New Zealand Prime Minister Jacinda Ardern says she will do all she can to stop a man accused of killing 51 Muslim worshippers from spreading his message of hate at his trial.
She also hopes artificial intelligence will one day stop such attacks from being broadcast online.
In an interview with The Associated Press on Thursday, Ardern described how she made decisions after the March 15 attacks at two Christchurch mosques, including introducing sweeping gun reforms and starting a global discussion on keeping violent extremism from the internet.
Australian white supremacist Brenton Tarrant, 29, has been charged with 51 counts of murder, 40 counts of attempted murder and one count of terrorism in the attacks and goes on trial next June.
Ardern said she thought Tarrant would try to use the trial to promote his views.
"It's clear that a part of this individual's motivation is creating a platform for himself. I think that's absolutely clear," she said.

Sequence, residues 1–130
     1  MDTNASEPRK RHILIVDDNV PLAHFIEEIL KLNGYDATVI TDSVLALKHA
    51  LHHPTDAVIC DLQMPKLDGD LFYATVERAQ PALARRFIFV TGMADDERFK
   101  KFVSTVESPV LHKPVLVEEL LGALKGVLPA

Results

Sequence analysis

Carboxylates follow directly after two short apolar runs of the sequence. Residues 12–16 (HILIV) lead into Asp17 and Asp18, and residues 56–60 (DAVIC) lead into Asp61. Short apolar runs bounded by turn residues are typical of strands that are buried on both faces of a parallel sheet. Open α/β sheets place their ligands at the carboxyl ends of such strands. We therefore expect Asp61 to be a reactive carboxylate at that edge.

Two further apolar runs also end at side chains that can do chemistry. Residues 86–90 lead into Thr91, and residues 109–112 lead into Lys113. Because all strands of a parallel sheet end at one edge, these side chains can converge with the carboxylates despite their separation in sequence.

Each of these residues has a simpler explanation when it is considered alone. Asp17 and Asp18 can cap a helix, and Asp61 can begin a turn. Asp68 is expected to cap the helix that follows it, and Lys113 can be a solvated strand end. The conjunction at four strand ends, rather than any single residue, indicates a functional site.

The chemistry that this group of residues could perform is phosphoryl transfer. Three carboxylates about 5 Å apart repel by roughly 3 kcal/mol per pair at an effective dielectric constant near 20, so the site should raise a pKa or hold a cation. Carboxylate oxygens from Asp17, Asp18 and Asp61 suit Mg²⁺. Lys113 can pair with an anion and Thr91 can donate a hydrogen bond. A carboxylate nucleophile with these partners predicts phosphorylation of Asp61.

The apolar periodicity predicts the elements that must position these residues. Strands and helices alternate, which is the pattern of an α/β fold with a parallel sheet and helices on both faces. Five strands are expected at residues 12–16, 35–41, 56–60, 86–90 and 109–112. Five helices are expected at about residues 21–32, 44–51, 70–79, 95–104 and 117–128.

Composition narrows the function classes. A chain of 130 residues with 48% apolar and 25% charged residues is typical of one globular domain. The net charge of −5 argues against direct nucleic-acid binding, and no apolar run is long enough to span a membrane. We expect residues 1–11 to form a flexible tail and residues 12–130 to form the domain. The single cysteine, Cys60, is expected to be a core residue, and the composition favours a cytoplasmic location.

"And I think every opportunity we can to deprive the alleged terrorist of that should be utilised."
Ardern said she was limited in what she could do but was encouraged by the pledge of New Zealand's major media outlets to avoid promoting white supremacist ideology when covering the trial.
Ardern said she stood by her decision to never speak the alleged gunman's name.
"If someone's motivated by infamy, then you deprive them of it," she said.
The gunman livestreamed his attack on Facebook. Ardern said she hoped artificial intelligence could be used to stop future attacks from being broadcast, and that everybody had a responsibility to prevent such broadcasts from continuing to happen.
"Even Facebook have made moves around the way that they utilise livestreaming and who can access it," she said. "In the future, I believe we can actually use AI technology increasingly."
Ardern vowed to change New Zealand's gun laws after the attacks, and less than a month later all but one of the country's 120 lawmakers voted in favor of banning assault weapons.
A gun buyback scheme that ends later this month has seen 37,000 newly banned weapons turned over to police, although some estimates indicate there could be many thousands of banned guns that haven't been turned in.
Australian Associated Press